Today’s post comes from Madie Ward in the National Archives History Office. The Vietnam War (1955–75) was a time of great controversy in the United States. Cold War tensions ran high as the country relentlessly fought against the alleged evils of communism. At the same time, advances in video and audio recording enabled both easier … Continue reading Vietnam: the First Television War
On October 21, 1969, a large, illuminated, rotating globe was dedicated in the Exhibition Hall at the National Archives Building in Washington, DC. The globe was one of eight made by the Terr-A-Qua Globes & Maps Company of Santa Ana, California, between 1966 and 1973. The globes show, in raised relief, all three of the Earth’s … Continue reading The “Terr-A-Qua Globe”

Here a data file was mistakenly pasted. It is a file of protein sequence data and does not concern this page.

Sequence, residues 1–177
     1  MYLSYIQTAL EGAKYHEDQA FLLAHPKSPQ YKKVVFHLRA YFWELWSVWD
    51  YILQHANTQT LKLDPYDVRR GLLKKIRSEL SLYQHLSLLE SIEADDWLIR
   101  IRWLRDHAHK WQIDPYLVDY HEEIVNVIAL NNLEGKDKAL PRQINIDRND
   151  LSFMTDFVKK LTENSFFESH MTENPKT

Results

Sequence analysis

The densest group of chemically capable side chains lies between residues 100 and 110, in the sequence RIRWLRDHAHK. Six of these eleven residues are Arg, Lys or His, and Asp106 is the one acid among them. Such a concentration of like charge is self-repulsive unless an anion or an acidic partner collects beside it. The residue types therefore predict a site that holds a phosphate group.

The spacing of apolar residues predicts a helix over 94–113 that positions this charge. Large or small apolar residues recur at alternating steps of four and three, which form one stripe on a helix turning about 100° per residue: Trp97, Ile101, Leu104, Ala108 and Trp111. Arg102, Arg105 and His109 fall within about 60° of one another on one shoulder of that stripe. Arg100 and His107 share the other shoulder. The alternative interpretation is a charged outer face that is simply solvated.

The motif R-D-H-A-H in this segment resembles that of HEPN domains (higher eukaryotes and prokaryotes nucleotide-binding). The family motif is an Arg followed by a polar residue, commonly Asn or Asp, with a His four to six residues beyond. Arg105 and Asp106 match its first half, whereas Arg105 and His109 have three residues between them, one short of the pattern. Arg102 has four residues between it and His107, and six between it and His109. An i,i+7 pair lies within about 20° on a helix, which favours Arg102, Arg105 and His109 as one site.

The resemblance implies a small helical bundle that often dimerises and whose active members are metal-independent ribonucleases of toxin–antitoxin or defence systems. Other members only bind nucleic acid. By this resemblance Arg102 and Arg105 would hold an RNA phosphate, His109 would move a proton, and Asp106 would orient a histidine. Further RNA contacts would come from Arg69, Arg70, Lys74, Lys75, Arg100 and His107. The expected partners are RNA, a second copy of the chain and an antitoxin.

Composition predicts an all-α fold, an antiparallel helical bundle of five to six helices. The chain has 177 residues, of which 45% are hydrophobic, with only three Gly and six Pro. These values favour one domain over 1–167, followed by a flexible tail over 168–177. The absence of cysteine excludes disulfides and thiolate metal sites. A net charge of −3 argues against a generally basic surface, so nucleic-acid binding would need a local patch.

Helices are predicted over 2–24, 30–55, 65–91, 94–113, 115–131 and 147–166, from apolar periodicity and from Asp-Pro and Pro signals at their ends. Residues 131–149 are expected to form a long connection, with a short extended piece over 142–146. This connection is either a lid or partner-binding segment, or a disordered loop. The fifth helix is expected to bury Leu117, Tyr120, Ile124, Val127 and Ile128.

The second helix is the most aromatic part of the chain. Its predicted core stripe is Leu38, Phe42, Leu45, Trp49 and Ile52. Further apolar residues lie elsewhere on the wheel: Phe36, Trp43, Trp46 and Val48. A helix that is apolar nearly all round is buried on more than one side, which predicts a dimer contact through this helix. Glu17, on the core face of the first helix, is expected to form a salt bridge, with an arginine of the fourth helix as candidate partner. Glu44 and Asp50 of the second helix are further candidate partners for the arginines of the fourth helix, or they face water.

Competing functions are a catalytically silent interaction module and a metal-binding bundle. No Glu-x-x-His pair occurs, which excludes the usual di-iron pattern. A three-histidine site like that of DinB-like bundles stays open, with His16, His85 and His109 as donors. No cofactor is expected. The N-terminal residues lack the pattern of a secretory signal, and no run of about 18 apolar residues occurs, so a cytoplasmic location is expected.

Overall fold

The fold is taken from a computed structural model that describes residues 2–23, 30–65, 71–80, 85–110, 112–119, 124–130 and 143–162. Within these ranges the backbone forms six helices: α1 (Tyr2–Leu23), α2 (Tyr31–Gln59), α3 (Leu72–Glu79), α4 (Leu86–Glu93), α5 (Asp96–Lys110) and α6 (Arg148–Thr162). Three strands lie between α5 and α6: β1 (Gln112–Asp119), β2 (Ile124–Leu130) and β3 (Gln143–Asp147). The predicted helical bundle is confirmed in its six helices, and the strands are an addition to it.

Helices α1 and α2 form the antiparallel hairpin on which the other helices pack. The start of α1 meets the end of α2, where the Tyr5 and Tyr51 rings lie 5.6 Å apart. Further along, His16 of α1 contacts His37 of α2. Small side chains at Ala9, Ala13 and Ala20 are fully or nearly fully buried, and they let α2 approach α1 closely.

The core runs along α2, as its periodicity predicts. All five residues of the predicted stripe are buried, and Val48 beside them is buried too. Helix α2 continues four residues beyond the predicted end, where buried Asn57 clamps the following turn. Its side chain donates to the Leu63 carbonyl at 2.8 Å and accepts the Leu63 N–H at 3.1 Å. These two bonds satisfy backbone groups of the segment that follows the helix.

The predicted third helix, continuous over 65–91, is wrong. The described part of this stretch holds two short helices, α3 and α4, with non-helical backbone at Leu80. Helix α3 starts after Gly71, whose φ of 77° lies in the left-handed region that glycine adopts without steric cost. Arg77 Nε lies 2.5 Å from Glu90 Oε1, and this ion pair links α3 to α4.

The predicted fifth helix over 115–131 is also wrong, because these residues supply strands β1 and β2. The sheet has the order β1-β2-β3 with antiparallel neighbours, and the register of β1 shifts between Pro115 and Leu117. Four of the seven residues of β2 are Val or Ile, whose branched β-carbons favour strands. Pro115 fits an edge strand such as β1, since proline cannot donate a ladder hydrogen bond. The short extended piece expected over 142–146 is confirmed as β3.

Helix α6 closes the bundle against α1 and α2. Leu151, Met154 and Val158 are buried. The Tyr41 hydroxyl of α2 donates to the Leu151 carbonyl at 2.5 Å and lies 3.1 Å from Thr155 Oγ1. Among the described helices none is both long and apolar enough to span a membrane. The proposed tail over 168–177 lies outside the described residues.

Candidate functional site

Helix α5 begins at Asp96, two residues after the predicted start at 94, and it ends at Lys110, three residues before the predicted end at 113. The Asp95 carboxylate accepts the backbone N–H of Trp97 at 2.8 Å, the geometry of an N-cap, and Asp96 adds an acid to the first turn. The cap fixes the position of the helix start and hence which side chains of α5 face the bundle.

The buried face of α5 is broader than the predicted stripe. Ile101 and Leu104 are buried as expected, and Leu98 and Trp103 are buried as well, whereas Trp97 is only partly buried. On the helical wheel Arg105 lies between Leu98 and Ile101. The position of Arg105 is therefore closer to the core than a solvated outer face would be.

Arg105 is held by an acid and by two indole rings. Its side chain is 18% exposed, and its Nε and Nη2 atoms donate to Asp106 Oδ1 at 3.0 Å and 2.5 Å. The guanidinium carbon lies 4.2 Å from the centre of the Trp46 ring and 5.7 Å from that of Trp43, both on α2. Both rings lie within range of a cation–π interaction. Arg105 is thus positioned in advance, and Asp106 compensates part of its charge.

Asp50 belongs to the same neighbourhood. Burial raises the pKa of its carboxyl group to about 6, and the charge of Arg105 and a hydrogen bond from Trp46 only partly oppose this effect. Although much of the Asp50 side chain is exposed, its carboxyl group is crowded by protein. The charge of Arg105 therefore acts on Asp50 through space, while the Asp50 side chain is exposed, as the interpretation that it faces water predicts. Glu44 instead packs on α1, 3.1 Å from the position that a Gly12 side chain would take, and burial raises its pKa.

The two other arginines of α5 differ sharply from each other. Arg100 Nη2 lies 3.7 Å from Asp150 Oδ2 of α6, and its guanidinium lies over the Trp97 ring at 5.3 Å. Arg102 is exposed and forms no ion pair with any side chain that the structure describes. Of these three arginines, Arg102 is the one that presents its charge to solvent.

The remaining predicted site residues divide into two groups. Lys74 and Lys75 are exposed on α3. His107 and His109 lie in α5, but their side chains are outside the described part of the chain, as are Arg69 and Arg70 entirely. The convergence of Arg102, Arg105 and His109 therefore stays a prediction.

Today’s post comes from Garet Anderson-Lind from the National Archives History Office. World War I was one of the first great wars during the industrial revolution. From the introduction of airplanes to the use of tanks and railway guns on the battlefield, soldiers had to contend not only with each other but with the productions … Continue reading Unsung heroes of World War I: the carrier pigeons
Clifford Berryman was one of the most widely acclaimed political cartoonists in the first half of the 20th century. For over 50 years, his cartoons appeared on the front page of Washington newspapers, first the Washington Post and later the Washington Evening Star. Throughout his extensive career, Berryman drew Presidents, members of Congress, cabinet … Continue reading Happy New Year!